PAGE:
Nintendo’s latest Pokémon title, Pokémon Quest, is a tapping adventure for Nintendo Switch, iOS, and Android, set in the world of Tumblecube Island. This island is a blocky, colorful place that’s populated by the original 151 Pokémon first seen in Pokémon Red and Pokémon Blue.
In Pokémon Quest, you’ll befriend wild Pokémon and take them on Expeditions, earning ingredients to cook recipes to befriend even more Pokémon. It sounds simple enough, but there’s some complexity when it comes to handling the moves your party’s Pokémon will use on Expeditions. Here’s everything you need to know about Pokémon combat and moves in Pokémon Quest.
Battling wild Pokémon
Combat in Pokémon Quest is pretty simple. You select a party of three Pokémon and send them on Expeditions, where they’ll use their equipped moves to defeat wild Pokémon and eventually fight a stronger, stage boss. Your Pokémon will automatically move around the map and can’t be controlled individually. There’s a button on the bottom right side of the screen that allows you to order your Pokémon to scatter, which can be helpful when trying to dodge a harmful attack.
Other than that, your Pokémon are on their own when it comes to determining optimal positioning. Unfortunately, their positioning isn’t always the best, so keep an eye on your team even if running in Auto Mode. Yes, there’s an Auto Mode, which allows your Pokémon team to automatically decide when to use their moves in battle, for a totally hands-off experience (at least during Expeditions, anyway).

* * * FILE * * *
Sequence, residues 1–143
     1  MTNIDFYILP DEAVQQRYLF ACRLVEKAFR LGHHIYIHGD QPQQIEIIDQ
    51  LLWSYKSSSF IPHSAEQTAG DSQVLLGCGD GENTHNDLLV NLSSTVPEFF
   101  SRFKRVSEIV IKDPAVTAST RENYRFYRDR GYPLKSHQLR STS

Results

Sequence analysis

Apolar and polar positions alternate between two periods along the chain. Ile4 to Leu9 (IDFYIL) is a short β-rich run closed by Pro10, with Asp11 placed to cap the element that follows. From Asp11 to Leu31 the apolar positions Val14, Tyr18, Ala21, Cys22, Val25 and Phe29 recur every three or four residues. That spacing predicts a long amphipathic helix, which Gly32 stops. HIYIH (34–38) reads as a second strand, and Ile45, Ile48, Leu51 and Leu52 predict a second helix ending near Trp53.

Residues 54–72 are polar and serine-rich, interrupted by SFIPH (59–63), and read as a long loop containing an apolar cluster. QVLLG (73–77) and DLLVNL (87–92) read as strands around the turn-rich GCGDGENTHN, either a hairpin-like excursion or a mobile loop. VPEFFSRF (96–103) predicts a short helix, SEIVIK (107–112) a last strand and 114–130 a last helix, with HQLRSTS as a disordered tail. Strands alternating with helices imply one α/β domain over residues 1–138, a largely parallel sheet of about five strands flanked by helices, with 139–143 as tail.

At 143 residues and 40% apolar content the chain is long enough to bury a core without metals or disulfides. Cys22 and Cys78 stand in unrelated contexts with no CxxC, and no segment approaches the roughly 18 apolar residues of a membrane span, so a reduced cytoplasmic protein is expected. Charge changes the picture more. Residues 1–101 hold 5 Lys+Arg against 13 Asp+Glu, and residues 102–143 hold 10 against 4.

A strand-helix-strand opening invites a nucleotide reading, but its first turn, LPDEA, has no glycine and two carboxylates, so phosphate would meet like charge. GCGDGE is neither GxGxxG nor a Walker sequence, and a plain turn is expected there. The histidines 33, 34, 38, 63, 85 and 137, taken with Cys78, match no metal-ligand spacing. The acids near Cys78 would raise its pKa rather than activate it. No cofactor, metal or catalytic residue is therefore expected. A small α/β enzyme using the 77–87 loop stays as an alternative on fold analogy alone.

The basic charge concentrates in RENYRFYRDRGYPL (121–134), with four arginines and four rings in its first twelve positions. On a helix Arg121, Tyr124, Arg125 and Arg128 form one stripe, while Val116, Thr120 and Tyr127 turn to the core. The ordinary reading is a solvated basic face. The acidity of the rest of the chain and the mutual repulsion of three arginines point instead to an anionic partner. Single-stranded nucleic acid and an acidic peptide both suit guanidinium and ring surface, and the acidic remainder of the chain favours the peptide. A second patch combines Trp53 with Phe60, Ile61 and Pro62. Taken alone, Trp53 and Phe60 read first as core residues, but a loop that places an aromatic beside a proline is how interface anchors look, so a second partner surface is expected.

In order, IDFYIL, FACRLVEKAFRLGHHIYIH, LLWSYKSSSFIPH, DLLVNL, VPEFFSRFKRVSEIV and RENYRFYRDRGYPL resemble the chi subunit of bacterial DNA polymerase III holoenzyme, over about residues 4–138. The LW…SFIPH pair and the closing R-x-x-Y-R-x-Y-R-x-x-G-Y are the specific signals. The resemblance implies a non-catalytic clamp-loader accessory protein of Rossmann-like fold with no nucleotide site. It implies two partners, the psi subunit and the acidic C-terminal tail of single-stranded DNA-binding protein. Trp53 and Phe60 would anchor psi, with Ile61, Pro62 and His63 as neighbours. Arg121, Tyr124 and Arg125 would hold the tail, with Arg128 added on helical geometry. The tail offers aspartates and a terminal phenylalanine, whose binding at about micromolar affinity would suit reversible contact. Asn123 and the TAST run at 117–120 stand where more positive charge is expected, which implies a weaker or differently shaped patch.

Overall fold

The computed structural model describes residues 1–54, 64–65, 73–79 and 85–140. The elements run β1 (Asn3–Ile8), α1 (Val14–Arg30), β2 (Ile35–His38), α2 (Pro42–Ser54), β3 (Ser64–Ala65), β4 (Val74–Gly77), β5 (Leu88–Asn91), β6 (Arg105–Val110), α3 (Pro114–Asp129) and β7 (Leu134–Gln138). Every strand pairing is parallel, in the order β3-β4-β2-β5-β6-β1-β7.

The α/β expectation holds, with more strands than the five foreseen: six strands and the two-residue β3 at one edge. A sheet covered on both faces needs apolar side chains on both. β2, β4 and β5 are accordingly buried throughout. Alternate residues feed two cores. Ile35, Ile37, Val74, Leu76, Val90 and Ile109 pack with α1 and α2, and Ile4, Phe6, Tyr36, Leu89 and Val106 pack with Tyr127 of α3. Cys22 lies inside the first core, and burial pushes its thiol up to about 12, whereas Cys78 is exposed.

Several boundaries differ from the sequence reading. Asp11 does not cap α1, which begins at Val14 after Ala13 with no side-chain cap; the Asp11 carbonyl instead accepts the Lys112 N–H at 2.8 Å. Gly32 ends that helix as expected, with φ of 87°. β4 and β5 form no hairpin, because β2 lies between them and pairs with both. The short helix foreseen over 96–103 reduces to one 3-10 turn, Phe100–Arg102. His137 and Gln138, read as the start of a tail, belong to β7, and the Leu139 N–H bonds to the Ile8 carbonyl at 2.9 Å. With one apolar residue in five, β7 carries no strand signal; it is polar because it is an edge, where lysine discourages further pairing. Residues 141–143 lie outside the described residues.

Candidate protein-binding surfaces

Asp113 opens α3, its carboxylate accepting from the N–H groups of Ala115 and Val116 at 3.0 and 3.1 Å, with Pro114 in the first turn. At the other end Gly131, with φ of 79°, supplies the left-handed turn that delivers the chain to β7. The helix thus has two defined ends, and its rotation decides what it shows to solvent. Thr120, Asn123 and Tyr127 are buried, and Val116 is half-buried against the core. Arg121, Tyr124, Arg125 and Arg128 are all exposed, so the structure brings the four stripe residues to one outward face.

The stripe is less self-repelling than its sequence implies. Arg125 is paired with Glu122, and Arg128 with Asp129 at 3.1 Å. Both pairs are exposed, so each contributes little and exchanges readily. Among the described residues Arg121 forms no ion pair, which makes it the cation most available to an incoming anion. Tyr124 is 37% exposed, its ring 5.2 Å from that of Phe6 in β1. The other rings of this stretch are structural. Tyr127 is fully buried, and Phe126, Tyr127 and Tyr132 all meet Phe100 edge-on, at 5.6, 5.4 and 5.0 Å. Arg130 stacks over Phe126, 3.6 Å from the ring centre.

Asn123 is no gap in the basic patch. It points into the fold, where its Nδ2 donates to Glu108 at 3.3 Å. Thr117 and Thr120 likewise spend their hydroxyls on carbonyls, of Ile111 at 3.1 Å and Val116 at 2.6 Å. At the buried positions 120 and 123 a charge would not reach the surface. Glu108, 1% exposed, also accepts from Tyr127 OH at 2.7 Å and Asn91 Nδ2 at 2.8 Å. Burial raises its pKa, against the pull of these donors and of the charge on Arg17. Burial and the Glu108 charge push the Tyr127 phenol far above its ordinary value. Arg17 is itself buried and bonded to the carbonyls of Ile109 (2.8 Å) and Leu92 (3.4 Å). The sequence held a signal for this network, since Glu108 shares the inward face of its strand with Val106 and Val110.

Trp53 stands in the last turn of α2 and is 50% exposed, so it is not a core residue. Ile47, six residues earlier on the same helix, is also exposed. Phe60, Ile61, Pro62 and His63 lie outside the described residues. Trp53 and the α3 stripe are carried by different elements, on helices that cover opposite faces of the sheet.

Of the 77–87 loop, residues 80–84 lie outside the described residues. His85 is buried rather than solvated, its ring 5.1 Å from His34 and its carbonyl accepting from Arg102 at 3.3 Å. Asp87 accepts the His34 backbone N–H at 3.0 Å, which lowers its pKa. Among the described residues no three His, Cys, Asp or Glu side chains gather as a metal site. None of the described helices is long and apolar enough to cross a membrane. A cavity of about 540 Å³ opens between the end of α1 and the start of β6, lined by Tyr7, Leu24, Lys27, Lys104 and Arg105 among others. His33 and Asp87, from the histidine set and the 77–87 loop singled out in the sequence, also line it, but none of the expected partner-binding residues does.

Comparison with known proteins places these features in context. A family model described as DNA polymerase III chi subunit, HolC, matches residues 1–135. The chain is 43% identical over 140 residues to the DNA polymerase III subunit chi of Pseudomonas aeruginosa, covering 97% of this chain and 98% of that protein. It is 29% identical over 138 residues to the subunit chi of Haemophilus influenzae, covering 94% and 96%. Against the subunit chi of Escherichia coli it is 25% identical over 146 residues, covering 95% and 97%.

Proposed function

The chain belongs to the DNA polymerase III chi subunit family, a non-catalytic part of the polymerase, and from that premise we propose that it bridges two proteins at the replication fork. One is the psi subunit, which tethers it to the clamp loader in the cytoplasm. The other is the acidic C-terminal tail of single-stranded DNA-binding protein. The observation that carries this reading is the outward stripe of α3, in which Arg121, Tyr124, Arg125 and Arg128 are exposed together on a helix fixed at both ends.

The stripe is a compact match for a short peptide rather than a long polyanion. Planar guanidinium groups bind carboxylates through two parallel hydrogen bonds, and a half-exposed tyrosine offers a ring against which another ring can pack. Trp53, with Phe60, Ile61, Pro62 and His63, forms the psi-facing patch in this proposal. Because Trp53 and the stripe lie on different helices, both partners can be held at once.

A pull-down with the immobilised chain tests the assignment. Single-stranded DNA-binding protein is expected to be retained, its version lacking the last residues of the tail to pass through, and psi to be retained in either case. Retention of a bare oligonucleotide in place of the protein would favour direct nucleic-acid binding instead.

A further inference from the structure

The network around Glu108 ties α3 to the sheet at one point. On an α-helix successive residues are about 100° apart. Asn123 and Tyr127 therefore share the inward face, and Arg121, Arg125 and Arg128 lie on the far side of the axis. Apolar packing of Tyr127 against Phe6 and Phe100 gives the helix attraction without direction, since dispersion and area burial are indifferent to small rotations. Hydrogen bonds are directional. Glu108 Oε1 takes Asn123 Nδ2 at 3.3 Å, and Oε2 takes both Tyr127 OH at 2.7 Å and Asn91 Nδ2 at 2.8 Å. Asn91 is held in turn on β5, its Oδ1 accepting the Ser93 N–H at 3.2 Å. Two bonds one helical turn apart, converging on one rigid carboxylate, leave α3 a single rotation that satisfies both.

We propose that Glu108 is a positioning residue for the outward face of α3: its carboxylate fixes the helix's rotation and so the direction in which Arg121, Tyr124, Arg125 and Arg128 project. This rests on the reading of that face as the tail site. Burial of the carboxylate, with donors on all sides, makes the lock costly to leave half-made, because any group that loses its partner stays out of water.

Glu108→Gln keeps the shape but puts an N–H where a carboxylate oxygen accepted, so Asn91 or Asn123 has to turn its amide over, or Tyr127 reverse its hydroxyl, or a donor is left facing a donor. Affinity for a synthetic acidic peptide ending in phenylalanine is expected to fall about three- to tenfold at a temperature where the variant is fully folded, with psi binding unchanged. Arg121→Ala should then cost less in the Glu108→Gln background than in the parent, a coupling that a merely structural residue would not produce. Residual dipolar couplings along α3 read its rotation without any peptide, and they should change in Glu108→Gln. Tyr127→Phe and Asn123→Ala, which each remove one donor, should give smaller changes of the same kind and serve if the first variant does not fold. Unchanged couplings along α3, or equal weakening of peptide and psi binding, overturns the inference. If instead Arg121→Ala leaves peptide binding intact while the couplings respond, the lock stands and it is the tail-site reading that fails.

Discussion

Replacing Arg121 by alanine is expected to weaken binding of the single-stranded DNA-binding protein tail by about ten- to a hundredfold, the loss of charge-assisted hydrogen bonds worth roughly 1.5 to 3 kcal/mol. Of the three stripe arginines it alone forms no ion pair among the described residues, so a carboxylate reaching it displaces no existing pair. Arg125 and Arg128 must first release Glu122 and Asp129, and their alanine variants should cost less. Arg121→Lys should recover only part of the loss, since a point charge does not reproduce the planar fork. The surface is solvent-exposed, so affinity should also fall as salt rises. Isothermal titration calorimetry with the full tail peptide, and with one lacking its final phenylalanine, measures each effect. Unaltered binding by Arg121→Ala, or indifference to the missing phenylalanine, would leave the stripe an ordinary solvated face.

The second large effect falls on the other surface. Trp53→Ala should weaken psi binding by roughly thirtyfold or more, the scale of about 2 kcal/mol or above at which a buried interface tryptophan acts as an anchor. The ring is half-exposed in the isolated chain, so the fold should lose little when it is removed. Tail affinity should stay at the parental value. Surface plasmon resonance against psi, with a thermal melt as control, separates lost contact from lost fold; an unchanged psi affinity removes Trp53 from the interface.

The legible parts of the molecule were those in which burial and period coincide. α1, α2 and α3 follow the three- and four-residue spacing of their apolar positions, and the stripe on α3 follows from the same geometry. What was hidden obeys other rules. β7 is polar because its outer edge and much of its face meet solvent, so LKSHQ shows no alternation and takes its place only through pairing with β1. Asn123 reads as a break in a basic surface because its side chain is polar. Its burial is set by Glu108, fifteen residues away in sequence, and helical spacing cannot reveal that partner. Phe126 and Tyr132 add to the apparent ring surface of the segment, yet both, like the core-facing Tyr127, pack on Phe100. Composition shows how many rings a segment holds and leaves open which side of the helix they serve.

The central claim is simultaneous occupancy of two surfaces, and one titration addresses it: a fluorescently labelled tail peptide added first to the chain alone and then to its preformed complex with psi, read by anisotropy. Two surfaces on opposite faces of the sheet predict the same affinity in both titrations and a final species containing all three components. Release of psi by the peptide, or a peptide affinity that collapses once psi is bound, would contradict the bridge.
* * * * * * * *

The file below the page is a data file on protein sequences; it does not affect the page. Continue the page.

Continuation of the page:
Pokémon move menu navigation
There are multiple ways to view the moves that are available to your Pokémon. Simply tap “Edit Team” and select one of your Pokémon, then you can choose either “Power Charm” or “Training.” If you’re just looking to check out what your moves do, you’ll want to use the “Power Charm” menu since you can tap on a move to see it’s tooltip. In the “Training” menu, on the other hand, you’ll have to long press the move’s icon, which is honestly just annoying.
On each move’s tooltip, you’ll find the move’s icon, the types of Move Stones that can be used to increase its potential, as well as its ATK, Wait, and a description. The tooltip shows the move’s base ATK number only—it’s not modified by your Power Stones. Wait is basically the move’s cooldown. A Wait of five, for example, means the Pokémon can use the move again in five seconds. As with other attributes, there are Power Stones and Bingo Bonuses that can lower the Wait of certain move types.
Pokémon move types
As in any Pokémon game, each move will have a corresponding type. Pokémon Quest features all of the same move types as current mainline Pokémon games: Bug, Dark, Dragon, Electric, Fairy, Fighting, Fire, Flying, Ghost, Grass, Ground, Ice, Normal, Poison, Psychic, Rock, Steel, and Water. When wild Pokémon join your camp, they’ll have either one or two random moves of the appropriate type (or generally native to that Pokémon species).
If a Pokémon has only one move, it’ll feature three Move Stone slots, and if the Pokémon knows two moves, only two Move Stone slots are available. In some cases, depending on the Pokémon and that primary move, it may be more desirable to have a Pokémon with only one move to ensure they’re always using their best attack, while also increasing the amount of supplemental Move Stones that can be equipped, ultimately improving the move’s effectiveness or power.
Teaching your Pokémon new moves
Your Pokémon can learn new moves by using Move Learning, which is accessed by tapping “Edit Team” then the “Training” button on the right. Once you’re in the Training menu, simply tap “Move Learning” to open its menu. The Move Learning menu is identical to the default Training menu, which just awards experience.